Bye Bye Camera Notch, Hello Under Display Camera

Death of the camera notch

As phone manufacturers tried to stretch the screen to body to the theoretical limit of 100%, some not-always-broadly popular design choices had to be made. And so the camera notch was born to expand the screen, which resulted into an ultra-thin top bezel, combined with a small cut-out for the front-facing camera that many people dislike.

If you are one of those people, I have good news: the death of the camera notch could be near thanks to under display cameras. Xiaomi was the first company to release a demo this morning through a tweet by Alvin Tse, Head of Pocophone Global for Xiaomi.

We can see two nearly identical poco phones above, except the one of the left does not have a visible front-facing camera, but oh surprise, you can still take selfies!

As noted by XDA Developers, Xiaomi is not the only company to have demonstrated such solution today, and OPPO apparently showcased their own under display camera solution first.

Both solutions offer the same user experience. When the camera is not in use, the full display is used, and in the camera app a black (transparent) bar provides space for the camera, so it does not look awkward.

There may be a downside to using an under display camera, as pointed out by OPPO in Weibo, under-screen cameras may not produce the same photo quality as cameras placed outside of the display. However, they also claim to have solved this issue. We’ll have to find out once devices become available.

If under-display cameras work as expected, and are not prohibitively expensive, 2020 may be the last year we ever see camera notches in smartphones.

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8 Replies to “Bye Bye Camera Notch, Hello Under Display Camera”

  1. Google and Apple are going to love this. Concealed always on thought police, um, AI user experience innovation 2.0 cameras in no time.

    1. I think under-display cameras may actually improve privacy. Since it looks like a black bar or area is needed when the camera is in use, so people will notice it if anybody tries to use the camera while they are running an app in full screen.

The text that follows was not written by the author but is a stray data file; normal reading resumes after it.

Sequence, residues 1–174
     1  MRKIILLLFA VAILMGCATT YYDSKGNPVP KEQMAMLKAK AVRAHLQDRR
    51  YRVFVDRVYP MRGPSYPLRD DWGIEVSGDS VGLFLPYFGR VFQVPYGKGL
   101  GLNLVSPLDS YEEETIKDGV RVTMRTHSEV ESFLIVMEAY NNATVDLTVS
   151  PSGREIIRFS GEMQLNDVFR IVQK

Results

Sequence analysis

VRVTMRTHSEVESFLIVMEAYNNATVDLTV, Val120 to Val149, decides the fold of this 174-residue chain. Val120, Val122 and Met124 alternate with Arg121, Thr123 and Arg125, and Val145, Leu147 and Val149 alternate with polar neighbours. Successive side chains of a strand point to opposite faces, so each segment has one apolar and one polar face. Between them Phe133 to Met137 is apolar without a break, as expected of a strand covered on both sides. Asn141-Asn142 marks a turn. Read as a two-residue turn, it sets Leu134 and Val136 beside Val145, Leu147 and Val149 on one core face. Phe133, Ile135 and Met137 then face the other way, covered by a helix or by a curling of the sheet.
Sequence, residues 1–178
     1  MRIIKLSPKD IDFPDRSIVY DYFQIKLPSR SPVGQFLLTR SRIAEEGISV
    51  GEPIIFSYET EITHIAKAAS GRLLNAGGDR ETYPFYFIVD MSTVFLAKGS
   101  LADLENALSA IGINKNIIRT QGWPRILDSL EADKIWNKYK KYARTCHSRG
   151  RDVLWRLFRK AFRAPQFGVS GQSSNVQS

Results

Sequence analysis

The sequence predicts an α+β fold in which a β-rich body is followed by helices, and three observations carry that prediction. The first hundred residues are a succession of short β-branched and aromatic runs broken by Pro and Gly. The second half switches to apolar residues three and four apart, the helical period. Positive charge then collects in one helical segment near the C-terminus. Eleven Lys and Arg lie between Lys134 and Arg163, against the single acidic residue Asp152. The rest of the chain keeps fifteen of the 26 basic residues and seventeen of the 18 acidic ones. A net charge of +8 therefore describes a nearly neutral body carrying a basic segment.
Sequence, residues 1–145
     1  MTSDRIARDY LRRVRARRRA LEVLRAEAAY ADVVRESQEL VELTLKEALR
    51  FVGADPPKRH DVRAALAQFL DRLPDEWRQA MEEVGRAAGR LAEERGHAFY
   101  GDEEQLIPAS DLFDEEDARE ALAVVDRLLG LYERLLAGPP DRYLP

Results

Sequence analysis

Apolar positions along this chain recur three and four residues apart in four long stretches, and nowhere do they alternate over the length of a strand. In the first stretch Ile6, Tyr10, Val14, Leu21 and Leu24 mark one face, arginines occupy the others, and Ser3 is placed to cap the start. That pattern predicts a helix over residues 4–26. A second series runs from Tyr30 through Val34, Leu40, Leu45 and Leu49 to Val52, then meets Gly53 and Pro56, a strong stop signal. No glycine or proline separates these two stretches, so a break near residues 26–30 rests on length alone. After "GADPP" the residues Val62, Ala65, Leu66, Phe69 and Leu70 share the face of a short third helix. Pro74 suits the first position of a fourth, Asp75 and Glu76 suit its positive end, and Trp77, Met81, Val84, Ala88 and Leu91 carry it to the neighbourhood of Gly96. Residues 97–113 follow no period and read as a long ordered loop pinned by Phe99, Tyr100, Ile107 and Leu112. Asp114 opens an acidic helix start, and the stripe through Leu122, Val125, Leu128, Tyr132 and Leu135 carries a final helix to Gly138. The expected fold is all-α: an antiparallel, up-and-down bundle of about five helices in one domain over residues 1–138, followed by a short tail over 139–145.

Now that’s a different issue if people start to make devices with virtually invisible cameras, and do not disclose it.

      1. It is not just camera. There are privacy issues in apps reporting back on users too.
        If you have Android on phone, tablet, TV and TV box. Then look up Exodus Privacy in the app store. See who is tracking your activity.
        Then think about your DNS snooping on you. Try DnsChanger before considering changing settings in hardware.

      2. I, in my non-expert opinion, think you’re most likely wrong on that. If you look at transparent screens (like LG’s transparent oled tv), it doesn’t matter if it’s displaying something or not. Yes, you get a tiny ghost of an image in the worst scenarios but miniscule enough that a good algorithm should be able to subtract it from the final image (especially if it was just a solid colour).and I’m guessing if it was being used for spying the minimal hit in quality his could incur would be considered tolerable, especially if they wanted to know who was reading/watching what as it could give them clues.

  2. I wholeheartedly am supporting this. That notch was a very ugly thing and it should be in the past. To those concerned about privacy, the camera is actually easy to spot. As Jean Luc already said, it will not stop people from making invisible cameras. Camera is the least of our concerns. People installing or using smartphones from suspicious sources should think twice. People were being spied upon in the past with the classic setup or with the notch. I would look at a hardware listing program that would list all the ports, the number of cameras and so on.

    1. The software is way more of a problem than the hardware. However at least in the past if you weren’t willing to use this camera you could put some tape on it. Now it will be difficult since it will hide a part of the screen.

      1. This issue was raised with the first notch smartphone, the iPhone X. I would have been perfectly happy with a small bezel and with the front camera in it somewhere alongside the other sensors. This whole bezel-less screen thing is not the right way to go. Software can take advantage of hardware on any smartphone if it gets malware or viruses on it.

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